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    Is this true answer for this problem?
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  13. #13
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    I get 16 for above problem, is it true?
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  14. #14
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    One of the more ingenious methods of evaluating limits is using the Sandwich Theorem.

    One of the most famous limits is evaluated this way: \displaystyle \lim_{\theta \to 0}\frac{\sin{\theta}}{\theta} = 1.

    This requires using some knowledge of the unit circle.



    The red length is \displaystyle \cos{\theta}, the green length is \displaystyle \sin{\theta} and the purple length is \displaystyle \tan{\theta} = \frac{\sin{\theta}}{\cos{\theta}}.


    Notice that the area of the sector is a little larger than that of the smaller triangle, and a little smaller than that of the larger triangle. As you make \displaystyle \theta \to 0, the three areas will end up becoming equal.

    So \displaystyle A_{\Delta_{\textrm{small}}} \leq A_{\textrm{Sector}} \leq A_{\Delta_{\textrm{large}}}

    \displaystyle \frac{\sin{\theta}\cos{\theta}}{2} \leq \frac{r^2\theta}{2} \leq \frac{1\tan{\theta}}{2}, and since \displaystyle r=1

    \displaystyle \frac{\sin{\theta}\cos{\theta}}{2} \leq \frac{\theta}{2} \leq \frac{\sin{\theta}}{2\cos{\theta}}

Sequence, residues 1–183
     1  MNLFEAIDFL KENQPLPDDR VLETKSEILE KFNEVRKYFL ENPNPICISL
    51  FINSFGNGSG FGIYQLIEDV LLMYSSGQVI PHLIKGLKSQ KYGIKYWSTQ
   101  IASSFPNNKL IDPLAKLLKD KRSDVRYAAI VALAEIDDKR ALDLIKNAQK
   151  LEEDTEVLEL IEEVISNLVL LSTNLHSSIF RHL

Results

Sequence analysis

\displaystyle \lim_{\theta \to 0}\frac{\sin{\theta}\cos{\theta}}{2} \leq \lim_{\theta \to 0}\frac{\theta}{2} \leq \lim_{\theta \to 0}\frac{\sin{\theta}}{2\cos{\theta}}

    \displaystyle \lim_{\theta \to 0}\sin{\theta}\cos{\theta} \leq\lim_{\theta \to 0}\theta \leq \lim_{\theta \to 0}\frac{\sin{\theta}}{\cos{\theta}}

    \displaystyle \lim_{\theta \to 0}\cos{\theta} \leq \lim_{\theta \to 0}\frac{\theta}{\sin{\theta}} \leq \lim_{\theta \to 0}\frac{1}{\cos{\theta}}

    \displaystyle \lim_{\theta \to 0}\frac{1}{\cos{\theta}} \geq\lim_{\theta \to 0}\frac{\sin{\theta}}{\theta} \geq \lim_{\theta \to 0}\cos{\theta}

    \displaystyle \lim_{\theta \to 0}\cos{\theta} \leq \lim_{\theta \to 0}\frac{\sin{\theta}}{\theta} \leq \lim_{\theta \to 0}\frac{1}{\cos{\theta}}

    \displaystyle 1 \leq \lim_{\theta \to 0}\frac{\sin{\theta}}{\theta} \leq \frac{1}{1}

    \displaystyle 1 \leq \lim_{\theta \to 0}\frac{\sin{\theta}}{\theta} \leq 1.


    It should be clear after being sandwiched that \displaystyle \lim_{\theta \to 0}\frac{\sin{\theta}}{\theta} = 1.


    [Of course, to be pedantic, this only evaluates the right hand limit (i.e. making  \theta \to 0 from the first quadrant where \displaystyle \theta > 0), but the left hand limit is evaluated in a near identical manner.]
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  15. #15
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    Quote Originally Posted by danial View Post
    I get 16 for above problem, is it true?
    Yes, \displaystyle \lim_{x \to 8}\frac{x^2-64}{x-8} = \lim_{x \to 8}\frac{(x-8)(x+8)}{x-8} = \lim_{x \to 8}(x+8) = 8+8 = 16.